The Vice President said that planners should not only focus on making cities liveable urban centres, they should also work for raising the happiness quotient of the people. He suggested that urban planning must be done with local aesthetics and local traditions. “In our blind imitation of the West, we have made all our cities look alike- uniform, anonymous and without any reference to its history”, he said. Cautioning that a city that doesn’t recognise its past cannot have a future, Naidu called for the preservation of heritage and traditions in historic cities.
Calling cities as the engines of economic growth in any modern economy, the Vice President said that cities are the crucible of our multicultural and diverse nation. Noting that, with time, each city develops a certain character that becomes unique to it, Naidu called for preserving the unique qualities about them.
Recalling India’s great legacy in urban planning, the Vice President cited the examples of cities like Harappa and Mohenjodaro, Indraprastha, Madurai and Kanchipuram which were known for their advanced city planning.
Drawing attention to the increasing trend of urbanization, the Vice President said that the share of urban population is expected to reach 60 per cent by 2050 in India. This rapid urbanization, he said, brings in its share of opportunities and challenges. Listing some of the challenges such as limited resources of land, water, migration from rural areas and pressure on city’s infrastructure, the Vice President said that how we go about managing these factors will determine the fate of a city.
Stressing the need to ensure access to facilities like transport, housing, and civic amenities like water, gas and waste management, the Vice President opined that civic bodies must adopt self-financing models that make operation of public utilities viable. “Only when citizens pay for the resources they use, even if it is a nominal fee, brings a sense of responsibility and ownership in the users. This is a proven best practice, in India and elsewhere”, he said.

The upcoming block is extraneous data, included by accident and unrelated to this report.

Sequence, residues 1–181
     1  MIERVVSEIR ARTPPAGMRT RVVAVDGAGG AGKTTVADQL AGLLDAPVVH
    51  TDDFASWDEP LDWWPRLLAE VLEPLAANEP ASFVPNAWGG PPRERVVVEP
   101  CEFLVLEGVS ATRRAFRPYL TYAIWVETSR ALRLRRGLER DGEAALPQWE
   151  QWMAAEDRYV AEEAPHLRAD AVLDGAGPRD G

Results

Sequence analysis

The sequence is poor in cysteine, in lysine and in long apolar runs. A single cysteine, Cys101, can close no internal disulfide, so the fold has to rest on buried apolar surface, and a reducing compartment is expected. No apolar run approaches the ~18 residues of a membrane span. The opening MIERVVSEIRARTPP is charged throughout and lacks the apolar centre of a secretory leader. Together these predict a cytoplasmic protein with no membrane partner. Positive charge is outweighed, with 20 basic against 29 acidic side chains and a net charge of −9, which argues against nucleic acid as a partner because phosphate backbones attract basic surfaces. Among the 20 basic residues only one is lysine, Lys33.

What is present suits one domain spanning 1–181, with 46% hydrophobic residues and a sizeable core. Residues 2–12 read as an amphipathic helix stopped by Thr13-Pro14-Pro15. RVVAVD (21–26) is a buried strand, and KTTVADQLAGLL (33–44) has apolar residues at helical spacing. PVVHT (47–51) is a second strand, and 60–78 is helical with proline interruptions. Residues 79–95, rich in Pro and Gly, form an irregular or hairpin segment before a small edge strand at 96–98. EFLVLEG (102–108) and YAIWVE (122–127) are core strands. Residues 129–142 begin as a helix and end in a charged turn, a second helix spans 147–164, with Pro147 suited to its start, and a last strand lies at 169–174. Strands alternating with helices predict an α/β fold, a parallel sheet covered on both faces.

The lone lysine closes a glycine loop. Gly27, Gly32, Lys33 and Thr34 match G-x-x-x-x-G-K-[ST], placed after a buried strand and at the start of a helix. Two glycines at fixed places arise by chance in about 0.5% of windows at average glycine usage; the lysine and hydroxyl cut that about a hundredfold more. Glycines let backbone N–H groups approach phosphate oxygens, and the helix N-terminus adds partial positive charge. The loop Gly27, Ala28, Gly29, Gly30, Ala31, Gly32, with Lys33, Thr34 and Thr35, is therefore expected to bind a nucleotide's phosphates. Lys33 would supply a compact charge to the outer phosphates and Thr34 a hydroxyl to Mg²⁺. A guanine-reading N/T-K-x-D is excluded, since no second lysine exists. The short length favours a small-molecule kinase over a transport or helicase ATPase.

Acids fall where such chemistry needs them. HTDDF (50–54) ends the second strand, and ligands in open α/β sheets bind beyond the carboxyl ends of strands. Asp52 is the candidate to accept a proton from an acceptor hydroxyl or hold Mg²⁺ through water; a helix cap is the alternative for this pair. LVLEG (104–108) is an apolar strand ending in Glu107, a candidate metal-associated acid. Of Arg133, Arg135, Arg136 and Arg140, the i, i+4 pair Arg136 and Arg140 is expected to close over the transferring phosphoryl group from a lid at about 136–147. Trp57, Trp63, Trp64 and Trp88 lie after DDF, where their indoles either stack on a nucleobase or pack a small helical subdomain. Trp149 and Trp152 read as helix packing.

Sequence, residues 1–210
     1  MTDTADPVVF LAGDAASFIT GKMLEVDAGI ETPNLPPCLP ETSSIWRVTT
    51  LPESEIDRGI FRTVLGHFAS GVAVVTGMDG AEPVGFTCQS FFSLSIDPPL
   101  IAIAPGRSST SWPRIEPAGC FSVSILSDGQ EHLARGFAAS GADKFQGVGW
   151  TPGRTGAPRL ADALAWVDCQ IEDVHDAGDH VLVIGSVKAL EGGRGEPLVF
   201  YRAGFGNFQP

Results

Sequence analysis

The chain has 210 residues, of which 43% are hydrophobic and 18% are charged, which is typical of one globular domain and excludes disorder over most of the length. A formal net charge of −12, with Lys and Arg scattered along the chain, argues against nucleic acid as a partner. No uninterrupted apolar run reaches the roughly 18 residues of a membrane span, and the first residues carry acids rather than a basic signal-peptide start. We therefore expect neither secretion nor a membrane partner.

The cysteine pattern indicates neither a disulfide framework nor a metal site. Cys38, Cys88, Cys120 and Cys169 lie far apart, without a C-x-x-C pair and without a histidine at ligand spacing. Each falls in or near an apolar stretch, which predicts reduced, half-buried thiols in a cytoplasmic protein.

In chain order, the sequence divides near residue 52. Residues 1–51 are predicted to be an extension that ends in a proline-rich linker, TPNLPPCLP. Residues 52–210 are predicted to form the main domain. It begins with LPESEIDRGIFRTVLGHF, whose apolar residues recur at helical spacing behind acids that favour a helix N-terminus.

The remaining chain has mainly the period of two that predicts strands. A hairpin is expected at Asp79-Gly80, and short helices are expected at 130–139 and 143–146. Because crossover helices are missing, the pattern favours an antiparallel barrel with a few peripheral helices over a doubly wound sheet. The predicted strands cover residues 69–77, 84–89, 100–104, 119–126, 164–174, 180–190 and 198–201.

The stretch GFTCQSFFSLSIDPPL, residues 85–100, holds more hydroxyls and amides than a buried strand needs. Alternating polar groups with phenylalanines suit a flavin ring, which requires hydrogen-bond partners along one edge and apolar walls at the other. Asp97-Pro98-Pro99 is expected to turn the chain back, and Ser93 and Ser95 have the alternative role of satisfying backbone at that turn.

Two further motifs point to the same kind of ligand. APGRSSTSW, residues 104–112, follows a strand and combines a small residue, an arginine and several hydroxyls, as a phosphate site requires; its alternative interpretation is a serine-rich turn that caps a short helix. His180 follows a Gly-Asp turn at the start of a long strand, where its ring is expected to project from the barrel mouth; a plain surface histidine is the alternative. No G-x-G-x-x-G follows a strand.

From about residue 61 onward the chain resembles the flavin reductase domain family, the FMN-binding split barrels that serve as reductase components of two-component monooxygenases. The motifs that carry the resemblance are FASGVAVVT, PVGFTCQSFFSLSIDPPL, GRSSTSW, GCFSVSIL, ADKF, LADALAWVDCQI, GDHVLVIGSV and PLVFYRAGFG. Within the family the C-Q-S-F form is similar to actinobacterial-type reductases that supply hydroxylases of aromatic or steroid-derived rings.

The Vice President also emphasized that cities must have vibrant public spaces and not secluded apartments alone. Noting that, nowadays, there is very little shared activity and very little feeling of a community togetherness, he said that a community’s bonding grows only if the families interact regularly, share and learn from each other’s experience. “We should spend money on building libraries, public parks and museums. We should plan for cultural exhibitions, auditoriums and public recreation centres for people to mingle and exchange ideas”, he added.
On rural-urban migration, the Vice President was of opinion that we should go to the root of the issue and see why people are migrating out of rural areas. Observing that people leave villages mainly due to unemployment or lack basic amenities, Shri called for addressing these issues in rural areas along with improving the urban liveability.
Complimenting the author, Dr Sameer Sharma and the publisher for coming out with the book, Naidu expressed happiness that the author has advocated home-grown solutions for cities based on our experiences and indigenous knowledge on city planning, rather than blindly aping the West. He said that this book is very timely as we go through a shift in how we view the ‘urban’ in the post-COVID era.
Dr. Sameer Sharma, Author of the book, Sh. Hitesh Vaidya, Director, National Institute of Urban Affairs, Shri Ashoke K Ghosh, Chairman and Managing Director, PHI Learning Private Limited were among the dignitaries who attended the virtual program.